has been able to help her children and grandchildren more. She’s already found herself taking care of her sick grandson and traveling to Charleston, South Carolina to help her daughter.

As she reflected on her career at UC Clermont, Mary Stearns spoke about how things have evolved over the years: “When I first started working at Clermont, there was one typewriter for all of the faculty and one ditto machine,” Stearns explained. Fortunately, the school’s technology evolved and more buildings were constructed. One aspect of the college that Stearns has enjoyed seeing change is the programs and classes evolving in response to the needs of the Clermont County community. She recalls the creation of BTAS (Bachelor’s of Applied and Technical Studies), in response to more technology in the medical field being invented, which meant that more people in the community would need to use this new technology.

Stearns also explained that when she began her UC Clermont career, there were no online classes available. But, just as the programs have changed in response to the community, the classes were adjusted to be more flexible in response to the community. Although many people are opposed to change, Mary Stearns understands that many aspects of the college have changed because the world is also changing too.

From experiencing the first Dean of UC Clermont, Edith Peter-Jones, to watching current Dean Bauer, Mary Stearns has seen so much over the years. Because the college used to be a single building and the entire faculty was always gathered in the same area, Stearns recalled that there to be more camaraderie years ago. She also remembered when everyone smoked in the hallways, and Edith Peter-Jones, standing there, making sure kids were in their classes on time. Dean Edith Peter-Jones loved immersing herself in the Clermont community, something that Stearns adored about the first Dean of UC Clermont. Stearns also recollected “Wisdom Wednesdays,” a workshop the school held for faculty, staff and students to learn a new trade every week. She remembered making silver jewelry and even teaching a class on genealogy at one point. Although Wisdom Wednesdays ended and numerous deans have come and gone, Stearns still respects and enjoys the faculty, staff, and students that have surrounded her at UC Clermont.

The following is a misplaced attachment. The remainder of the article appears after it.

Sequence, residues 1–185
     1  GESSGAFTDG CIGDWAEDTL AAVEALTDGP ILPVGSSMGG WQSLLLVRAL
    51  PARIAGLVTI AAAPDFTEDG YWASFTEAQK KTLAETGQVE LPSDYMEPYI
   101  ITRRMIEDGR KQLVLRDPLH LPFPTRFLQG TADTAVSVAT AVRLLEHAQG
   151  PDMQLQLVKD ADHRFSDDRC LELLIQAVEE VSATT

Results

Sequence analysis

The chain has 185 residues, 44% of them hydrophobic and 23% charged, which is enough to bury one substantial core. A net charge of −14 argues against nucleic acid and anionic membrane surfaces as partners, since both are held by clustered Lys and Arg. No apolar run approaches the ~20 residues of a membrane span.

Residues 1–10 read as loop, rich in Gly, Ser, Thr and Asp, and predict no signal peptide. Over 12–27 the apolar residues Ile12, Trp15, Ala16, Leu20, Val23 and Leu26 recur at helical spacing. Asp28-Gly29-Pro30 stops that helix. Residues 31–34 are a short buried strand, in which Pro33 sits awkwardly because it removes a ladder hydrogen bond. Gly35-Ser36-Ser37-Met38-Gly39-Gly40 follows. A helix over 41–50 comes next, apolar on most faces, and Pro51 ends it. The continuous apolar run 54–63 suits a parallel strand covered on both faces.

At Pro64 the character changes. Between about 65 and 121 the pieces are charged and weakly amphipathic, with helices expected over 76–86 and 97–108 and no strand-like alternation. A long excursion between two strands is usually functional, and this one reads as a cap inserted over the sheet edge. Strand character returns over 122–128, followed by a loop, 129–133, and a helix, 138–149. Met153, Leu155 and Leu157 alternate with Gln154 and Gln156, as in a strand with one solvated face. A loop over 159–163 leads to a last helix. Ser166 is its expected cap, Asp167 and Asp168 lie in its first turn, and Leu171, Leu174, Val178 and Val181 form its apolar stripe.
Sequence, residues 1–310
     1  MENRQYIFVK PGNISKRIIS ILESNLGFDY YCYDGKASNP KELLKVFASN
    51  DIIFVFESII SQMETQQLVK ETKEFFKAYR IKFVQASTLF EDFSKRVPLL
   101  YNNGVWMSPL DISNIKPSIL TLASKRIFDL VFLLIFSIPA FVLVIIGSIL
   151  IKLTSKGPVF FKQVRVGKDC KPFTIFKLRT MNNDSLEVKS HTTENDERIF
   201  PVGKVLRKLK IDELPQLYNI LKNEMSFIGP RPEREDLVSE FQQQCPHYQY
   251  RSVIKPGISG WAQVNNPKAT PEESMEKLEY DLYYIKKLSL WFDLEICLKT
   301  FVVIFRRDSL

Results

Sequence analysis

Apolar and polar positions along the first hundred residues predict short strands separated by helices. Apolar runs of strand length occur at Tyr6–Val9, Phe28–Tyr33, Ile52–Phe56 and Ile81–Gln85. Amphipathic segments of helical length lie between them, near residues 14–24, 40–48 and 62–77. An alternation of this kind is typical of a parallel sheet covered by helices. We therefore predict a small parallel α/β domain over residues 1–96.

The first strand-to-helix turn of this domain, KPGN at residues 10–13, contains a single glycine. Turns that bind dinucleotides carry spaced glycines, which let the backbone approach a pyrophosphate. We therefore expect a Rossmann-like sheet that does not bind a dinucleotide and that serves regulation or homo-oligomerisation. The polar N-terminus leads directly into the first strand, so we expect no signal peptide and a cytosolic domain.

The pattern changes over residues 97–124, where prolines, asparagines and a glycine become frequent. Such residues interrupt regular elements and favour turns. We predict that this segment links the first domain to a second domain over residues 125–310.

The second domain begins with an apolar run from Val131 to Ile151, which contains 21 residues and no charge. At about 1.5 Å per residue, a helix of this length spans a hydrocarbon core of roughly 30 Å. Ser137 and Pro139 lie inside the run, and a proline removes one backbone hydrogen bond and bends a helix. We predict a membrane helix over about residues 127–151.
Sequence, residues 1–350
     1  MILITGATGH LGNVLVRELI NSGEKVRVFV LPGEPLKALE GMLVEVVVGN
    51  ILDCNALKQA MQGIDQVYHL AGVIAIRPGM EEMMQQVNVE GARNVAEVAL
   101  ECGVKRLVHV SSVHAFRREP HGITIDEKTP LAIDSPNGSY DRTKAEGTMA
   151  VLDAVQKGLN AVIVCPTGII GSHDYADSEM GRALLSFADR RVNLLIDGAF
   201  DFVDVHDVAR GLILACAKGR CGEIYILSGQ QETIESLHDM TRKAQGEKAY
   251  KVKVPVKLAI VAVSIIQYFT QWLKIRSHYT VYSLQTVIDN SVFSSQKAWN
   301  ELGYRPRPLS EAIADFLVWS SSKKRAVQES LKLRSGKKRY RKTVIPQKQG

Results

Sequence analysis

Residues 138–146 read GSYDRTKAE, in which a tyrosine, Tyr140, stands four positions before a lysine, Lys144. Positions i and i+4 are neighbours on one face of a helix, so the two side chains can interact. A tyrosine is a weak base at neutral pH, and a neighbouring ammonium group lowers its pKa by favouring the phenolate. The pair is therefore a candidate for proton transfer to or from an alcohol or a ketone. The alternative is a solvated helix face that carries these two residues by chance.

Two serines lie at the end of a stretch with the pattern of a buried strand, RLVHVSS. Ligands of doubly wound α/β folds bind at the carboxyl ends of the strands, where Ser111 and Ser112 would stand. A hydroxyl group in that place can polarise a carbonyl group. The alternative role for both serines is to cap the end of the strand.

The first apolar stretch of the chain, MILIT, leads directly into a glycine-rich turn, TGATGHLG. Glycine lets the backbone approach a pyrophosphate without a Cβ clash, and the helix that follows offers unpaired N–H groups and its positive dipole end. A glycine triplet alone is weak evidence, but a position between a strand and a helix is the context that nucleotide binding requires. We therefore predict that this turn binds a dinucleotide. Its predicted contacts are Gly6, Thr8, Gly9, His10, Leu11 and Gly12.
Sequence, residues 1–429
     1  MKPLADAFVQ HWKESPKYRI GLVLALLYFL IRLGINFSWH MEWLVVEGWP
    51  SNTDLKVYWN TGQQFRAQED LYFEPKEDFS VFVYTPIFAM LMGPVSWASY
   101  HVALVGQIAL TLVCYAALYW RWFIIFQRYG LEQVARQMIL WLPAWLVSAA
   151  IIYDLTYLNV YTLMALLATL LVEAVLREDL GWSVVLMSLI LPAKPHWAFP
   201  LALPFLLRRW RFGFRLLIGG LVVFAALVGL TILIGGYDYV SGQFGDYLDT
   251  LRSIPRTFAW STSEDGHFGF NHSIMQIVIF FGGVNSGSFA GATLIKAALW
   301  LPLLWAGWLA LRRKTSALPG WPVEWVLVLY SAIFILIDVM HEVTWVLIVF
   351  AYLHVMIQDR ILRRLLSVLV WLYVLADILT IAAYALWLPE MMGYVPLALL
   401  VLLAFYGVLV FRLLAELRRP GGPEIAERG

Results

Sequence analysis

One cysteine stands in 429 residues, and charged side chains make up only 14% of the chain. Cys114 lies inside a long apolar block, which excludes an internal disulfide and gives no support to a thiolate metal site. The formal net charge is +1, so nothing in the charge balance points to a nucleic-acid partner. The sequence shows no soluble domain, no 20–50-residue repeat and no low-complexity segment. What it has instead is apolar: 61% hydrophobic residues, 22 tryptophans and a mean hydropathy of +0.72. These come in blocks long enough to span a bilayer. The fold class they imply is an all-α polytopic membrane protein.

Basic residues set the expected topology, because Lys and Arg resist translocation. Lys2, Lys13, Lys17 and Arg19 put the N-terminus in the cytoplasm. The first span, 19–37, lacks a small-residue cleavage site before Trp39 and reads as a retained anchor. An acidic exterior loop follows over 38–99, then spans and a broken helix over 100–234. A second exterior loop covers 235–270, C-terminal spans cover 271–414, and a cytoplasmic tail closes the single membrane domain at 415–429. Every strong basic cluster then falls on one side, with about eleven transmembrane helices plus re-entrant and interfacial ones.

Mary Stearns’ advice to others is to be content with change because it’s inevitable. Her career at the college has shown her how so much in life changes: the school’s culture, the needs of the community, plans, buildings, Deans, offices, the work force, and so much more. Mary Stearns appreciates the many people and many memories over her last forty-two years at UC Clermont, and she wishes the best of luck to UC Clermont. Her career has been a remarkable one, and she’s touched the lives of so many on campus. She will be sorely missed.


About Author

Nikki Addison is a sophomore majoring in Biology at UC Clermont. Her favorite foods are breakfast foods, she enjoys listening to music, laughing, and is bad at writing short bios.